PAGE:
Publisher and Release Date: Escape Publishing, March 2015

RHR Classifications:
Time and setting: 1650s England
Genre: Historical Romance
Heat Level: 2
Rating: 3.5 Stars

Reviewed by Vikki

I have always been a fan of books based on the English Civil War and when I read the book description, I looked forward to reading By the Sword with a great deal of anticipation.

The book opens with a prologue set in Devon in 1646 that pulled me immediately, and then shifts to Yorkshire in February 1650. Kate Ashley is a young widow with a seven-year-old son. She has been invited to visit Seven Ways in Worcestershire, the ancestral home of her late husband’s mother, a family her husband had been estranged from since his parent chose to marry against her family’s wishes.

After discussion with her son, she agrees to the visit. When they arrive, Kate finds that she likes Sir Francis and Lady Eleanor Longley much more than she expected. Her son, Tom, enjoys meeting them as well, along with Nell’s young daughter, Ann. When Kate learns Sir Francis wants to make Tom his heir, she is troubled, yet does not want to stand in the way of this inheritance.

Kate meets Jonathan Thornton, a Royalist Colonel when he makes a brief visit to Seven Ways. The author is clearly setting up an “across divides” romance between the Cavalier and Parliamentarian Kate, but I felt very little chemistry between the pair at that first meeting. Much of this lack of attraction is due to circumstances in the beginning. Kate loved her late husband and has no plans to ever marry again and Jonathan is an outlaw due to his Royalist connections. This is not a match made in heaven to say the least, but when they meet again later in the book, their connection is stronger.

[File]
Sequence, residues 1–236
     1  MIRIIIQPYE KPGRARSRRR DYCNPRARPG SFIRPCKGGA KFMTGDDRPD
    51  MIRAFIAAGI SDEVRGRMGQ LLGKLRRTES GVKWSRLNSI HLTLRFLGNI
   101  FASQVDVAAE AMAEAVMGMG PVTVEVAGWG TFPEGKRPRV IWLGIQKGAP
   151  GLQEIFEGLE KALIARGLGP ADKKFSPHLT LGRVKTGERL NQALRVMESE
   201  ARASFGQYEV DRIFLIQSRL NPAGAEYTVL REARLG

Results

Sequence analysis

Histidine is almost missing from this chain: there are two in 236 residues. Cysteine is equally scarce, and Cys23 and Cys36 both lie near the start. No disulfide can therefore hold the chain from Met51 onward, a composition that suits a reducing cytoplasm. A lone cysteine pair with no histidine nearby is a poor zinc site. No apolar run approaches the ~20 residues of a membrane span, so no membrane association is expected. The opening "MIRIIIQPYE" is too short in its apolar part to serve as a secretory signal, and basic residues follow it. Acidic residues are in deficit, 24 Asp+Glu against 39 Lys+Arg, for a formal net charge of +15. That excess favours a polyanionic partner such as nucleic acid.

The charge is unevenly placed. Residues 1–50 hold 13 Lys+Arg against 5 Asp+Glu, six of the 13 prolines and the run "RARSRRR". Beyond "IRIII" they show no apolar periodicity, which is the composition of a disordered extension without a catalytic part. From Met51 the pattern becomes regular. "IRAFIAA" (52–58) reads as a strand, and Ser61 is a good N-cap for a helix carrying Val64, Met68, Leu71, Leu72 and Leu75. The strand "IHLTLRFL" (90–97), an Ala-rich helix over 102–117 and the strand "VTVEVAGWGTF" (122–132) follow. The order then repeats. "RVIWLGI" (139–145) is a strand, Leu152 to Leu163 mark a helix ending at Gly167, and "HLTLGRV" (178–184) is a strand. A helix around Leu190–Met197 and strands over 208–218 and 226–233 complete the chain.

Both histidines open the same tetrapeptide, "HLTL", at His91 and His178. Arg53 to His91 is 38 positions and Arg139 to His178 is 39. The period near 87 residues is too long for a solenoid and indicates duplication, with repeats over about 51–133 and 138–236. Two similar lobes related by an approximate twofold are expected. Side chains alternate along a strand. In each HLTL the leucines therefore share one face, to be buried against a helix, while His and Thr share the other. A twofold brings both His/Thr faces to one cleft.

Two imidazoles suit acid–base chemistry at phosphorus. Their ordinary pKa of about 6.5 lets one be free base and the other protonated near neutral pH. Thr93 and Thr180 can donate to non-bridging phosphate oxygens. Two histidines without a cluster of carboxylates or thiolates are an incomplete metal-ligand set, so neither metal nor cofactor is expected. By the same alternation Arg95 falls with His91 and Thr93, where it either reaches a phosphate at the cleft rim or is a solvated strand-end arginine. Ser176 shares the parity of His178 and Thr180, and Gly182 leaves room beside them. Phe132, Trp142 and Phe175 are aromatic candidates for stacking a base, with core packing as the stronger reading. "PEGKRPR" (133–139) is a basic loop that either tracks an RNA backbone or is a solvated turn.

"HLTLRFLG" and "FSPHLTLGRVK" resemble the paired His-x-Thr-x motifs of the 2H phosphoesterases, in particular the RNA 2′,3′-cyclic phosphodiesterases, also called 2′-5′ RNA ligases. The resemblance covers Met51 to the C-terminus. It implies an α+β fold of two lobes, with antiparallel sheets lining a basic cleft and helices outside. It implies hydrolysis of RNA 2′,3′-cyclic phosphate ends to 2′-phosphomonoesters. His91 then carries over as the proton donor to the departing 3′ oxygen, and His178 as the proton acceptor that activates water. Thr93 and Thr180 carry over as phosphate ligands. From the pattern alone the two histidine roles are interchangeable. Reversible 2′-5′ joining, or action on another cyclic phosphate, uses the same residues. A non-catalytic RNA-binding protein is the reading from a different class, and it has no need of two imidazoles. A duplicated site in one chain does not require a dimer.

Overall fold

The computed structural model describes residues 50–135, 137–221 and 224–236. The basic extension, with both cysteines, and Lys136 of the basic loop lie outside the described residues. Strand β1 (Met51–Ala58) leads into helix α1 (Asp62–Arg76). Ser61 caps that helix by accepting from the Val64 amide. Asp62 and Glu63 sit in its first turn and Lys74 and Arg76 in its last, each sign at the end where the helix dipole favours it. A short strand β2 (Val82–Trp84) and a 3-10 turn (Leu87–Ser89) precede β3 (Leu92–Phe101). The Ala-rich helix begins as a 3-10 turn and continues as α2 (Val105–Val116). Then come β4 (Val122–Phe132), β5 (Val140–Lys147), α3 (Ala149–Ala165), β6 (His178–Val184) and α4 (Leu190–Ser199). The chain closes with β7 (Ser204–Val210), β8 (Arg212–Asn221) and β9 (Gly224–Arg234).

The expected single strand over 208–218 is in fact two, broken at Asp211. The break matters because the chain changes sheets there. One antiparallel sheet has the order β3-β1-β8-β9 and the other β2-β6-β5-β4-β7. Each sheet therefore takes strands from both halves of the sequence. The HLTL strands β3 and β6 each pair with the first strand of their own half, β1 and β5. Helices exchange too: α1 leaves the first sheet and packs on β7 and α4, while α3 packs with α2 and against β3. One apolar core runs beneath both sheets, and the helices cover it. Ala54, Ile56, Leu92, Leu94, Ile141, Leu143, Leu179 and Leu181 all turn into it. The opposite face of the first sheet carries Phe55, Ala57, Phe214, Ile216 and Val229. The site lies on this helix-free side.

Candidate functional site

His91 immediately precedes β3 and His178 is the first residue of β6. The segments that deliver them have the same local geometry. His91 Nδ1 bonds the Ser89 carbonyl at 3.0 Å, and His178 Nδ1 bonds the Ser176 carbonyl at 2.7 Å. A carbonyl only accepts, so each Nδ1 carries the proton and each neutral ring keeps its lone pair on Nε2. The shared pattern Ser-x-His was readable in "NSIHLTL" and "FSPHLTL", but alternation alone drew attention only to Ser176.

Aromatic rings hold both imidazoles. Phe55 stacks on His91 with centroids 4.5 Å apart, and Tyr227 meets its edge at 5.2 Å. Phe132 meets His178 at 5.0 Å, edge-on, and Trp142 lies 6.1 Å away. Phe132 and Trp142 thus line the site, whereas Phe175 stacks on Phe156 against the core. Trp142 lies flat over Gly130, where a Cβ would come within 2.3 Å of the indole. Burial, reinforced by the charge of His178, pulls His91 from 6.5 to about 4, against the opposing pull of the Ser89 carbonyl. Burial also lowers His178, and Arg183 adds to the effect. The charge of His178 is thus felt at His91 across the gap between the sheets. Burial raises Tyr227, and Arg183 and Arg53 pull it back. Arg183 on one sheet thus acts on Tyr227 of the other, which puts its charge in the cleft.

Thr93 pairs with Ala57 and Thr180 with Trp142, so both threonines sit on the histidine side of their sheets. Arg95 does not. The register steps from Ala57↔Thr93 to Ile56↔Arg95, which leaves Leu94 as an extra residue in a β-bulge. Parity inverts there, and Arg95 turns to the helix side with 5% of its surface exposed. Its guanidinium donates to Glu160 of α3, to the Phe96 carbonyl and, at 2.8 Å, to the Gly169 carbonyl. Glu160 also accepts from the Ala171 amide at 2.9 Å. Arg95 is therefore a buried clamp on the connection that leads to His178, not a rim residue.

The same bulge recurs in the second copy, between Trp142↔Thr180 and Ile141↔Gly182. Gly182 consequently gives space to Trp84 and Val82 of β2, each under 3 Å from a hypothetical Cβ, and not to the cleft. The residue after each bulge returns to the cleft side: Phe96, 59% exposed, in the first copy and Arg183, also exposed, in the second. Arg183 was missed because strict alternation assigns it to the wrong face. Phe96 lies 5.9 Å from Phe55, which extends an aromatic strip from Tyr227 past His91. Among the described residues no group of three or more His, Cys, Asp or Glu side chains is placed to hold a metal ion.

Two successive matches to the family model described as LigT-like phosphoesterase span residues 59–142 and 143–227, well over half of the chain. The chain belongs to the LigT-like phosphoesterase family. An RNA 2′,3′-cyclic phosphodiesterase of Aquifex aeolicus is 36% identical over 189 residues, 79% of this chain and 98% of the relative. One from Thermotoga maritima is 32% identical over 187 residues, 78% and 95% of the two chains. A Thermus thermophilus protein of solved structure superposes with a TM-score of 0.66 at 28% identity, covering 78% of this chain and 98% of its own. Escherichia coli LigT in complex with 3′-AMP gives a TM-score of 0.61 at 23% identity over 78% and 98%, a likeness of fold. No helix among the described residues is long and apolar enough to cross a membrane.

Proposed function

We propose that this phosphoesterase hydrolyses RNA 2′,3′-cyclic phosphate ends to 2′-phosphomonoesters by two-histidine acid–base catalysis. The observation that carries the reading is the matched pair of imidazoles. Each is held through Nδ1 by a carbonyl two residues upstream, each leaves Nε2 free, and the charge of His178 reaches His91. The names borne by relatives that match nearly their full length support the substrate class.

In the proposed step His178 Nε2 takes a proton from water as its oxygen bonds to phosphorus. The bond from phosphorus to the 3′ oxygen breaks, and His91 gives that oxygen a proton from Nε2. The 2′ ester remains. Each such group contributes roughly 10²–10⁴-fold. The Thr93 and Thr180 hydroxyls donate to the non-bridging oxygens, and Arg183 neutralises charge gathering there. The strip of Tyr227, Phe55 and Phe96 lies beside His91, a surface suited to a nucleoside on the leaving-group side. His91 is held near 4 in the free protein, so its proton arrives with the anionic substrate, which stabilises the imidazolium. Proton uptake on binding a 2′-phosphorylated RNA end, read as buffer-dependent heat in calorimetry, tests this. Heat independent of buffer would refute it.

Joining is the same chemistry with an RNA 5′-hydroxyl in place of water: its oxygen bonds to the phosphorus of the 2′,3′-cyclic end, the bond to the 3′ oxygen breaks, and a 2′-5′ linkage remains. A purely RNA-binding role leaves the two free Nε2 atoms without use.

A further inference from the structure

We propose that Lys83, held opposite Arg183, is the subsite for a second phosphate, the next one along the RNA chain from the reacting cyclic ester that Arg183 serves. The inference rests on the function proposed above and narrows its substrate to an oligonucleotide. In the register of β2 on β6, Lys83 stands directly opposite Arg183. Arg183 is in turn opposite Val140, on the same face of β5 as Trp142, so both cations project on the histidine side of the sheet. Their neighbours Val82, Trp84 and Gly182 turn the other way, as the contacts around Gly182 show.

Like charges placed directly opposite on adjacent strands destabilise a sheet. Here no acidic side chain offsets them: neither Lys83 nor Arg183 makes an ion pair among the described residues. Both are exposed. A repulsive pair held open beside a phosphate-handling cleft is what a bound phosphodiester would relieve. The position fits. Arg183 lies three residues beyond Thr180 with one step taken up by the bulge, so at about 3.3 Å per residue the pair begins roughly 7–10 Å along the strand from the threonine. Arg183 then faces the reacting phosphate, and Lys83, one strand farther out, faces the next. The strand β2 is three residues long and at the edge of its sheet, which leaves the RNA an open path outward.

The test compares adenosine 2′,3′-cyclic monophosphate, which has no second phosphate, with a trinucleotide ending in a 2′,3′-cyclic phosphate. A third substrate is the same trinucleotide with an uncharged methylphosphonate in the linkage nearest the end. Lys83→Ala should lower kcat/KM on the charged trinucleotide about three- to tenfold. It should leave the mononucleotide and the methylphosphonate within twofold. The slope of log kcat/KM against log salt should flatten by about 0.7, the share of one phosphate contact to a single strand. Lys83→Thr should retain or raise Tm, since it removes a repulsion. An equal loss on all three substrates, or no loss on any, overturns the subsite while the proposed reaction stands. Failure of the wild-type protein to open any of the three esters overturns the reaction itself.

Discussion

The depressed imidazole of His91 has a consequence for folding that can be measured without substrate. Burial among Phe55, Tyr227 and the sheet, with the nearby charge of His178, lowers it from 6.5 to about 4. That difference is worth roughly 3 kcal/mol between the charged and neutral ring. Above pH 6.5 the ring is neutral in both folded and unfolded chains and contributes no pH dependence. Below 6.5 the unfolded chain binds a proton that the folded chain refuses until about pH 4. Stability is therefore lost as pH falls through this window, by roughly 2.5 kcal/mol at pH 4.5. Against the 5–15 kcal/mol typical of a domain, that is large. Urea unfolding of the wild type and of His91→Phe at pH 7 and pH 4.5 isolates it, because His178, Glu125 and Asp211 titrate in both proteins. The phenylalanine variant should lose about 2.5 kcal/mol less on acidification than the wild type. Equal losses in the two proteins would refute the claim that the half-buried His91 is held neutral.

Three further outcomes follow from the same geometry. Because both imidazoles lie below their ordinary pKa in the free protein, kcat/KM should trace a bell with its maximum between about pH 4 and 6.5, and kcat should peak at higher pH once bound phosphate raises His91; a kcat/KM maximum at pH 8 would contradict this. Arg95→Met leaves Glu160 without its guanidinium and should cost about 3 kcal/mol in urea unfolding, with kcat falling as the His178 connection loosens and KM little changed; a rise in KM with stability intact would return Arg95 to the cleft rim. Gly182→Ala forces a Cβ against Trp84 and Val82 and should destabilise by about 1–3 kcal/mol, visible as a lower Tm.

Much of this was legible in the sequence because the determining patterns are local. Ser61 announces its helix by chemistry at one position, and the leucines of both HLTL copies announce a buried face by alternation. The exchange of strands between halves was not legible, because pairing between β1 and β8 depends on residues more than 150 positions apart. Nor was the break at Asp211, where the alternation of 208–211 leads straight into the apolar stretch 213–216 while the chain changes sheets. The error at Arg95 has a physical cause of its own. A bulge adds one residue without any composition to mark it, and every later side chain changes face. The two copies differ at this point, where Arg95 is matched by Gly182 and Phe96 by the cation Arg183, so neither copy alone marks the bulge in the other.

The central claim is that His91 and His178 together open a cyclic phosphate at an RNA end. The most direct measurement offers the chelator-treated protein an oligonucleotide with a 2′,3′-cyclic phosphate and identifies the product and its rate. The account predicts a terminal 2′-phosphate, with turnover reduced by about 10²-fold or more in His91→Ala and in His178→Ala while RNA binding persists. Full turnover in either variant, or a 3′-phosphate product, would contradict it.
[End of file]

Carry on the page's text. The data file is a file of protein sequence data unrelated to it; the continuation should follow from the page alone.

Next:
The story unfolds very slowly and it took me the greater part of the first half before I became really engaged. There is very little action and quite a bit of back-story that slows the pacing down and I came close to not finishing the book. In fact, had I not been reading for review, I probably would have set it aside. Part of the problem is that the hero and heroine are apart for so much of the story.

Fortunately, things improve dramatically in the second half of the story, and I am glad I did not give up on the book. Once the stage was set, this became an action-packed read. I thoroughly enjoyed the vivid description of the Battle of Worcester, Jonathan’s escape from several close calls, and his ultimate capture.

The romance deepens and I finally realised why Jonathan and Kate were attracted to each other. They share several, emotionally-charged and tender moments. By the end of the story, I was fully vested in their love affair, although they are still separated for much of the story, and this, I suspect, is why I found it so difficult to connect with them.

There is no doubt Ms. Stuart loves this period of history, and I thoroughly enjoyed the historical details intermingled through the second part of this book. Due to the slow pacing of the first half of the book, I’m giving it a qualified recommendation. Once you move past that, you will find a fascinating tale of a love that can survive even when there are many obstacles in the way, and a story rich with details of this troubled time in English history.


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Alison Stuart picAlison Stuart fell in love with the English Civil War when her father read her The King’s General by Daphne Du Maurier. She has been writing stories set in this period since her teenage years but it was not until 2007 that the first edition of By The Sword was published. It went on to win the 2008 EPIC Award for Best Historical Romance. Alison has now published 6 full length novels and a collection of her short stories. When she is not writing she is travelling and has dragged her family around the sites of every major battle of the English Civil War.

Alison lives in Melbourne, Australia. She is a lapsed lawyer who has worked in the military and fire service, with an obvious obsession for men in uniform, which may explain a predisposition to soldier heroes.